The work of a researcher examining two seemingly unrelated fields - pulmonary hypertension and cancer - has been recognised by the national advocacy group Canadians for Health Research. Evangelos Michelakis, professor in the department of medicine at the University of Alberta, was awarded the group's Researcher of the Month title in November for his discovery that the drug dichloroacetate can be used to treat some types of cancer in rats. Professor Michelakis said he was "humbled" by the recognition: "There's a real sense of honour to be included among the best of the best in Canada," he said. The Researcher of the Month series was established in 2003 to help raise the profile of the breadth of research being conducted across the country. This is not the first time that Professor Michelakis has discovered that a drug typically associated with specific disorders can be used to treat other diseases; in 2003, he led a team that found that Viagra, usually used to treat erectile dysfunction, is beneficial for patients with pulmonary hypertension. Although he said it was "great" to be recognised for his research, he was quick to highlight the work being done by his colleagues and students. "This reminds me that being a part of this prestigious list of researchers is as important to me as being a part of my own list of legends," he said. "The bright students and colleagues that surround me make this work happen and, more importantly, make me a better scientist and a better person."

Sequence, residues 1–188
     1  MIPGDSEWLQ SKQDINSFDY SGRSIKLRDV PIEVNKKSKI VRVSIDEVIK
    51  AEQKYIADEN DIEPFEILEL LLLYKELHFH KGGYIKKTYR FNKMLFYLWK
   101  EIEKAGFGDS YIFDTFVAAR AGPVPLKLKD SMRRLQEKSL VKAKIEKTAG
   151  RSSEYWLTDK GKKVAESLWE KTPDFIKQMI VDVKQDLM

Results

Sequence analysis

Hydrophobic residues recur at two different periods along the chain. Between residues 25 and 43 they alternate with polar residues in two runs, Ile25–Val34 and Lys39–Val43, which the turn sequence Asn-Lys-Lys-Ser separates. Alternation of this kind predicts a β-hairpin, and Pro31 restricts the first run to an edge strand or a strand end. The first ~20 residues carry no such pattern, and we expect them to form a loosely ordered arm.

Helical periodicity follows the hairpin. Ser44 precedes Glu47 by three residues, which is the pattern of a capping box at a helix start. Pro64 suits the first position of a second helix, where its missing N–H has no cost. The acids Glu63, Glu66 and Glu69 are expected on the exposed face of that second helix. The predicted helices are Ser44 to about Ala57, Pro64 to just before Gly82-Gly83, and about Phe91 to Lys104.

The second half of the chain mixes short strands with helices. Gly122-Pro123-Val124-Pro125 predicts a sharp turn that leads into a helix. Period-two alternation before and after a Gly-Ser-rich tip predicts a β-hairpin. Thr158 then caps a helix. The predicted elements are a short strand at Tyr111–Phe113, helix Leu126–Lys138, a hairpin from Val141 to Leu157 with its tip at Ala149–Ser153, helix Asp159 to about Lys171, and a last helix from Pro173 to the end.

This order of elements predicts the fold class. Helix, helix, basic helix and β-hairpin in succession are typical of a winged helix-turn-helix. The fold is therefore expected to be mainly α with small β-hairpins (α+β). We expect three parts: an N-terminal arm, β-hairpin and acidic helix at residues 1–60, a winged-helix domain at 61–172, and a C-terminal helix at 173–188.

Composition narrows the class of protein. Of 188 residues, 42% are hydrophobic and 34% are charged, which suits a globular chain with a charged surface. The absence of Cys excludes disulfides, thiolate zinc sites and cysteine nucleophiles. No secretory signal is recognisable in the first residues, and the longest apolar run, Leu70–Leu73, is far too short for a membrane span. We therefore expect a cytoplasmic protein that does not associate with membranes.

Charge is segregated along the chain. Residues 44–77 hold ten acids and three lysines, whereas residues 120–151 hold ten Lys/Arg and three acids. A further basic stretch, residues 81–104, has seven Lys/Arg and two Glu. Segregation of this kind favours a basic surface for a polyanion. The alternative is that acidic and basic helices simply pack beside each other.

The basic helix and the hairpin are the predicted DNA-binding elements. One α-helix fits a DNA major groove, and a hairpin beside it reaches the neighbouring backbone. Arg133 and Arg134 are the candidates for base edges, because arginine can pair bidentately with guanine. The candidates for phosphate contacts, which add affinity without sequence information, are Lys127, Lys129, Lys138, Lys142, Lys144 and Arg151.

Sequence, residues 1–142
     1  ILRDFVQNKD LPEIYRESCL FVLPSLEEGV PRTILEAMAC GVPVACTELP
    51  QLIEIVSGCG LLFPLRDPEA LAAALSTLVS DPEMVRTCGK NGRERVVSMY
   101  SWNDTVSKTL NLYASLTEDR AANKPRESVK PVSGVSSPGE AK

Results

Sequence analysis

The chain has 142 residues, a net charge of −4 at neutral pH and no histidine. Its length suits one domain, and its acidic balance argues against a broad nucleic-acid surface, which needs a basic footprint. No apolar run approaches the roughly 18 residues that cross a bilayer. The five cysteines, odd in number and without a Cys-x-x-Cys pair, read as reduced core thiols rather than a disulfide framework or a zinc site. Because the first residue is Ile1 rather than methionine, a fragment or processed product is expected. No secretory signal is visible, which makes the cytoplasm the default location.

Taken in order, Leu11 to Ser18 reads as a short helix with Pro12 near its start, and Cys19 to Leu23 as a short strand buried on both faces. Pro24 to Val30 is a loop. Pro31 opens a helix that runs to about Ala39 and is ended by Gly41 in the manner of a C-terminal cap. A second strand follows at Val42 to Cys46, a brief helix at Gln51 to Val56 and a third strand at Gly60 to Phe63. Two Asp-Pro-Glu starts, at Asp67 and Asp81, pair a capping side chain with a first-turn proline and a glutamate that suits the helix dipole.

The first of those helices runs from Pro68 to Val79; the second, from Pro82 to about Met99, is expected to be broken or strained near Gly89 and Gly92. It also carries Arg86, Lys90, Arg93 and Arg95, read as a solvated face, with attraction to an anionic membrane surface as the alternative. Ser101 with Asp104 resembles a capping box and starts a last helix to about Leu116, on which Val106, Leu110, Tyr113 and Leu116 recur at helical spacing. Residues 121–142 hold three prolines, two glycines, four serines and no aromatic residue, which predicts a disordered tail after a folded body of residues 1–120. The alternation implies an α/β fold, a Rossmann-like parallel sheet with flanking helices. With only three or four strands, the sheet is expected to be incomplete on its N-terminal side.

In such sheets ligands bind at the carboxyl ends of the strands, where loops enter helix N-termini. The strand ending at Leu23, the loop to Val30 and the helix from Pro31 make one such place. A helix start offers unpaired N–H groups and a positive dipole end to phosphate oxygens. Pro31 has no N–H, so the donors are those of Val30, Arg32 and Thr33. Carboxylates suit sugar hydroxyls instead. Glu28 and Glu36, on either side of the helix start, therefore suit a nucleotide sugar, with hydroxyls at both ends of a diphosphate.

Trevor Dann has been appointed visiting professor in radio and sound at the University of Lincoln's School of Media. Professor Dann, who recently stepped down as chief executive of the Radio Academy - a charity that works in broadcasting and audio production - said he was looking forward to his first academic appointment. "While I was at the Radio Academy, I talked to lots of students and I really enjoyed that," he said. Professor Dann has previously presented BBC Radio Cambridgeshire's breakfast show, been managing director of pop music for Emap and head of BBC Music Entertainment. During his time at the BBC, he played a key role in the overhaul of Radio 1, gaining a reputation as the man who made the station "cool" again. He has also been managing editor of the BBC's London radio station GLR, where he helped to launch the radio careers of Chris Evans and Danny Baker. Professor Dann said that media commentators had written off the medium of radio prematurely: "There are still plenty of opportunities for creativity," he said. "Radio is not a dying industry; it is a growing industry and there will be lots more opportunities for radio and audio producers of the future."